With the field of Korean Studies (hopefully) chastened by the exposure of Charles Armstrong’s misconduct, Sino-NK reflects on the case and our role in it.
Was Syngman Rhee as explicitly anti-communist as he is often portrayed? How prominent a role did ideology play in Rhee’s role as a statesman and founding father of the Republic of Korea? Historical documents indicate things are more complicated than commonly assumed. A new working paper in the Cold War International History Project (CWIHP) considers the evidence.
Contrary to extant findings, evidence suggests the origins of South Korea’s industrial and economic transformation predated Park Chung-hee’s rise to power. A forthcoming piece for the Journal of Contemporary Asia argues that sweeping land reforms implemented in South Korea in the post-liberation period laid the foundations of the country’s economic development and industrial transformation.
This autumn saw the journal Asian Perspective bring together five authors for a transnational investigation of issues confronting the DPRK-PRC-Russia border region. The journal special issue was guided by guest editor Park Hyun-gwi of Cambridge University. Anthony Rinna takes a look inside.
In an exciting new Yongusil, Christina Kim steps up to introduce a slice of the emerging networks and relations along the border of North Korea and China. This Yongusil is based on Kim’s work in Dandong with Kang Ju-won.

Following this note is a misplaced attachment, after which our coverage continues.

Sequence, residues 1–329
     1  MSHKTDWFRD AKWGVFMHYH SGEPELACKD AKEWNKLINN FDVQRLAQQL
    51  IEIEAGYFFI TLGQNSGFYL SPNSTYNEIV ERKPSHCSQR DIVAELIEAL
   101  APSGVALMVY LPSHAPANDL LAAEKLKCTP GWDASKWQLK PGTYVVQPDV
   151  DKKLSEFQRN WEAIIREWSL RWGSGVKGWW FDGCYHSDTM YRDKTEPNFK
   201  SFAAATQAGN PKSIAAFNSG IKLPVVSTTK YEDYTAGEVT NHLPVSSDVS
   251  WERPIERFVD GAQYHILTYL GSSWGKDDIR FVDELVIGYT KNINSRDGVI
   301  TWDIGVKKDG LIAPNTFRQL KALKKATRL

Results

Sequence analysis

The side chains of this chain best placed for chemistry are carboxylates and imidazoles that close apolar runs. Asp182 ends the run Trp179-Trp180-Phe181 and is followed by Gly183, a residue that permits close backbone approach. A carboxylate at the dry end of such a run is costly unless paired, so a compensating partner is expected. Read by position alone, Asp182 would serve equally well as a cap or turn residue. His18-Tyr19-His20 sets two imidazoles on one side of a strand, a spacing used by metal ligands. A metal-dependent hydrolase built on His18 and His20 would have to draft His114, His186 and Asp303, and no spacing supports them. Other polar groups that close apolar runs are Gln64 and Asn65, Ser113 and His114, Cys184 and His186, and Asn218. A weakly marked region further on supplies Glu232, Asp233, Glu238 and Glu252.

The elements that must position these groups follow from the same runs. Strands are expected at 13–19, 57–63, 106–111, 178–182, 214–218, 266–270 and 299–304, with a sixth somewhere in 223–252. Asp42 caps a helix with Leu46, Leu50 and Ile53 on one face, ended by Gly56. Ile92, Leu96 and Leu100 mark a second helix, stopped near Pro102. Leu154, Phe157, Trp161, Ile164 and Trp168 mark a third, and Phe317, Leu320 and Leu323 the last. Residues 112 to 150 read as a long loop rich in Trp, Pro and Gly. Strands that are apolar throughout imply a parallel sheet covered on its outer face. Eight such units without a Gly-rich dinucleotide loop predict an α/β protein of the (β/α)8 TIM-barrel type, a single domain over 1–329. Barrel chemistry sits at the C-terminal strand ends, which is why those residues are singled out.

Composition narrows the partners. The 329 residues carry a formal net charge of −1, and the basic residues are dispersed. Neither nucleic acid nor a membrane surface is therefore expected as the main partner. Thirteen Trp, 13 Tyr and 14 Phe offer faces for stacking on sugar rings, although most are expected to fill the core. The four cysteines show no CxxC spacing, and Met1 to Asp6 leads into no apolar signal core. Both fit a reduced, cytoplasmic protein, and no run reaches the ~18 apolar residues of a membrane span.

Seoul National University geographer Bae-Gyoon Park challenges the validity of the developmental state thesis in a recent paper on the Masan Free Export Zone. Park recapitulated his findings at an event hosted at the University of Toronto. Daniel Park recaps his presentation.
Suzy Kim, author of Everyday Life in the North Korean Revolution, has guest edited a special edition of Cross-Currents, an open access journal at University of California, Berkeley, engaging in a deep examination of ill-remembered and heavily contested moments of modern Korean history.
Byul Ryan-im, Sino-NK’s Junior Fellow for 2013-2014, temporarily relinquishes the Admiralty barricades for a discussion with Justice Michael Kirby.
Benjamin Joinau’s conceptual review of mythic and monolithic city spaces of Pyongyang produces an categorical twin. Rural charisma meets urban glory in a key work of psychogeographic imagination.
Looking behind around and behind much of the sound and fury of current analysis of North Korea, In Pyongyang presents the first of a vital series of recorded interviews with more long term and considered engagers of North Korea. The first features Sweden’s initial Charge d’Affaires to Pyongyang, and author Erik Cornell.
The University of Toronto’s Comparative Politics Student Group (CPSG) on East Asia, in collaboration with other University of Toronto-based groups, host an Academic Exchange seminar at the Munk School of Global Affairs entitled “Polities in Motion: Power Transfers, Institutional Change and Everyday Politics in East Asia.” Participants include many from the Sino-NK community.